Expert Spanish literature and language university professor with a Doctor of Philosophy and Letters degree in Puerto Rican and Caribbean Literature. More than 15 years of experience teaching at the college level, some of which have been holding administrative academic positions. Distinguished communications professional with over 20 years of experience as a journalist for radio, TV, and print media in both Puerto Rico and the United States focusing on political and judicial issues, as well as human interest stories and weather reports. Past director of several lifestyle publications.
I am an Associate Professor, Historian, and Librarian of Latin American and Caribbean Studies at the University of Illinois at Urbana-Champaign. I also hold faculty appointments in the Departments of Spanish and Portuguese, and Recreation, Sport, and Tourism, and I am an affiliated faculty at the Center for Latin American and Caribbean Studies at Illinois. My research revolves around issues of idenity/cultural politics, nationalism, international relations, religion, hegemony, and U.S.-Latin American relations through the window of sport. My book, The Sovereign Colony: Olympic Sport, National Identity, and International Politics in Puerto Rico, studies the role that the Olympic movement played in Puerto Rican construction of national identity, in the development of an autonomist political culture, and in Puerto Rican agency in international politics. It was the recipient of the 2017 José Toribio Medina Award, from the Seminar on the Acquisition of Latin American Library Materials (SALALM), the premier international association for Latin American librarians. My work appears in journals such as Journal of Sport History, Caribbean Studies, The Latin Americanist, The Americas, and The International Journal of the History of Sport. Currently, I am co-editor of Olimpismo The Olympic Movement in the Making of Latin America and the Caribbean (Fayetteville: University of Arkansas Press, 2020). I am working on a book project on religion, imperialism, and sport through the YMCA in Puerto Rico and Cuba (1898-1950s). As a librarian, I direct the Latin American and Caribbean Studies collection at the University of Illinois. With close to one million volumes and numerous specialized databases, the collection is considered among the best in the nation. I oversee all aspects related to Latin America and the Caribbean at the University Library including collection development, reference, instruction, serial management, and offer specialized research consultations. My main interests at the library include in depth research consultations, collection development, and liaison work with the Center for Latin American and Caribbean Studies and the Lemann Institute for Brazilian Studies. I am the director of the Digital Library of Latin American and Caribbean Sport (DLLACS), and on the Conde de Montemar Letters, a portal that provides open access to a set of some 300 unique letters belonging to the family of the Count of Montemar between Lima and Madrid during the years of 1761 and 1799.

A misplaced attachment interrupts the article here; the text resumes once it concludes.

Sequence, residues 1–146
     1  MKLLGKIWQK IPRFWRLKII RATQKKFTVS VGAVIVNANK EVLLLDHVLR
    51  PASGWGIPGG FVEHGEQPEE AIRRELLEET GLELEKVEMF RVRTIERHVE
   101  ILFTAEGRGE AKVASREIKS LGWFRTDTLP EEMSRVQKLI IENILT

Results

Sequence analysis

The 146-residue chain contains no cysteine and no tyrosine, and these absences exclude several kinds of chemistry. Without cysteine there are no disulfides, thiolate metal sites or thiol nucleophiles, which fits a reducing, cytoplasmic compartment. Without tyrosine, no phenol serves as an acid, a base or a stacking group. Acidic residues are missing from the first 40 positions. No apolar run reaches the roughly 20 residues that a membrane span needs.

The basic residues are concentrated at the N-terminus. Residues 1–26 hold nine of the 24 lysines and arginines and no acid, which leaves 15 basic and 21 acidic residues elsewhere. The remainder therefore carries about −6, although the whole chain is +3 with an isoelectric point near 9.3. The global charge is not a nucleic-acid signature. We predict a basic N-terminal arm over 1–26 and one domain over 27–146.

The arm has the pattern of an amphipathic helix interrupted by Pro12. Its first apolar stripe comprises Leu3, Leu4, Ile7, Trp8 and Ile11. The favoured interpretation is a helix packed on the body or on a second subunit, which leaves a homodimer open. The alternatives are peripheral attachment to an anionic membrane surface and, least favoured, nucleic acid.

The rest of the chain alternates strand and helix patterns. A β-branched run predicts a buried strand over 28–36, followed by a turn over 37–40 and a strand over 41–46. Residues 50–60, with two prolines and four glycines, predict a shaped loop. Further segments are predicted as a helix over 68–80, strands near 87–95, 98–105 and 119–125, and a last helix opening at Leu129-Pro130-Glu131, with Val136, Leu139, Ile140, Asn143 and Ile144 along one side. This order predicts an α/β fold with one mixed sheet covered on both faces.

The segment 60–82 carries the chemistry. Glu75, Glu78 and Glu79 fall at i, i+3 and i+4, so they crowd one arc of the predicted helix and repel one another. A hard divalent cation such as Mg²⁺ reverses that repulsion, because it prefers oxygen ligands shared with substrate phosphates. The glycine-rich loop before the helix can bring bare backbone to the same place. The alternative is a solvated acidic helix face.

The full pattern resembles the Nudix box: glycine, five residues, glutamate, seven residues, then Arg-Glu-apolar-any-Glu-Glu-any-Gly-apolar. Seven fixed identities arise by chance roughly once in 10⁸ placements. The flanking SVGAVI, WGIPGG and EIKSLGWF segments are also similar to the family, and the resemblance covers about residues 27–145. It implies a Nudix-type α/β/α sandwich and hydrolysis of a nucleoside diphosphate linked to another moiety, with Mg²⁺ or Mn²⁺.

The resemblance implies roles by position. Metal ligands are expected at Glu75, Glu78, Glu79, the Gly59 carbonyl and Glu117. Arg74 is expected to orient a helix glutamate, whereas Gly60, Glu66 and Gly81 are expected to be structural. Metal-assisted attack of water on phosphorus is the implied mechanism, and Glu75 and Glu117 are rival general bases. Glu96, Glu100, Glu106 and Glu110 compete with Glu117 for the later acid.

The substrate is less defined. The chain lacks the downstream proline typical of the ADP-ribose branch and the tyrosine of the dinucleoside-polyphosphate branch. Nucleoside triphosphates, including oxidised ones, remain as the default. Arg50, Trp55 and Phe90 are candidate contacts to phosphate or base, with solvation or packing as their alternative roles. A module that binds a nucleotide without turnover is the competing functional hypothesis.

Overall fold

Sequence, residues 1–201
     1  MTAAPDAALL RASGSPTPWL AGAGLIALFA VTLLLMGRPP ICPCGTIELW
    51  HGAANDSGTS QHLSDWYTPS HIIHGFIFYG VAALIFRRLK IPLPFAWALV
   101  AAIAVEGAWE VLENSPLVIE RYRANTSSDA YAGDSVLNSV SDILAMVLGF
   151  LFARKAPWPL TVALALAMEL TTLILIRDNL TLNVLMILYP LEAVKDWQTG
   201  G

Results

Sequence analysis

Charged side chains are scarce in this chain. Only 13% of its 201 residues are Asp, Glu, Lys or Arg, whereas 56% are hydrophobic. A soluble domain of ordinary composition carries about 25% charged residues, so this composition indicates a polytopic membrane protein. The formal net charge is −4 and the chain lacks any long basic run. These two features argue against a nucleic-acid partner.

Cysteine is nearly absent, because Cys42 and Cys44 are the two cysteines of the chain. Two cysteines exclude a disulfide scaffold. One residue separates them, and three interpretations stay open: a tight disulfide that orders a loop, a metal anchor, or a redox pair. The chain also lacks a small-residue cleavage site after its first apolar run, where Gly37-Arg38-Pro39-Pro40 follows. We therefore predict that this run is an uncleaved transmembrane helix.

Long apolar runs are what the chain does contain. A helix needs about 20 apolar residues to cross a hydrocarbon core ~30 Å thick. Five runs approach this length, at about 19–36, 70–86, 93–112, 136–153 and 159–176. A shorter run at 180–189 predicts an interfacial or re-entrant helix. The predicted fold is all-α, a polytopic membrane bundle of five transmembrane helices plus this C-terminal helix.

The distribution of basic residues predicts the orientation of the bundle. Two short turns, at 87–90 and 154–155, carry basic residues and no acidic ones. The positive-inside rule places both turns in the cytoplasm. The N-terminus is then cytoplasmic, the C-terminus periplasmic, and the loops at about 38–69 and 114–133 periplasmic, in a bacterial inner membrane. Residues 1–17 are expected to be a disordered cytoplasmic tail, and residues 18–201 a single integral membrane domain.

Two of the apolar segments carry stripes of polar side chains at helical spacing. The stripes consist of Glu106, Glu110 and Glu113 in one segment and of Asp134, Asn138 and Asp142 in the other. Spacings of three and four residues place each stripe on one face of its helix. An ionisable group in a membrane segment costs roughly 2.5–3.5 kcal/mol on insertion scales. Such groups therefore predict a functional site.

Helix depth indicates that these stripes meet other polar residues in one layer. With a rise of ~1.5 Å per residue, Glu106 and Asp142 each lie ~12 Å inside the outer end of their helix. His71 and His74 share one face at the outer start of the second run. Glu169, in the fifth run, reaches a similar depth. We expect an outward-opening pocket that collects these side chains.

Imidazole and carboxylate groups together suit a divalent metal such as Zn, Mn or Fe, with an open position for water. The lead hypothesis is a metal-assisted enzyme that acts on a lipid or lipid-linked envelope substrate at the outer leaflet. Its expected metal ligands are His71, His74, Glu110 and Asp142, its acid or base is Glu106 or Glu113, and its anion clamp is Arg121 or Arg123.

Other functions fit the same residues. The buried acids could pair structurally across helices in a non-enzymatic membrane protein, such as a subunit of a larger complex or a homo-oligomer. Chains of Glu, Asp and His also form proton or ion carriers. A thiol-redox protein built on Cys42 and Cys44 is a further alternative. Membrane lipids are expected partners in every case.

I am the director of the Black Studies Program at The City College of New York and a professor of Spanish and Portuguese. I am the author of Diasoric Blackness: The Life and Times of Arturo Schomburg (2017) and Oshun’s Daughters: The Search for Womanhood of the Americas (2014). I am the editor of The Future Is Now: A New Look at African Diaspora Studies (2012) and Let Spirit Speak! Cultural Journeys of the African Diaspora (2012). My latest book is the edited collection, Racialized Visions: Haiti and the Hispanic Caribbean (2020), which was just released by SUNY Press as part of its Afro-Latinx Futures series.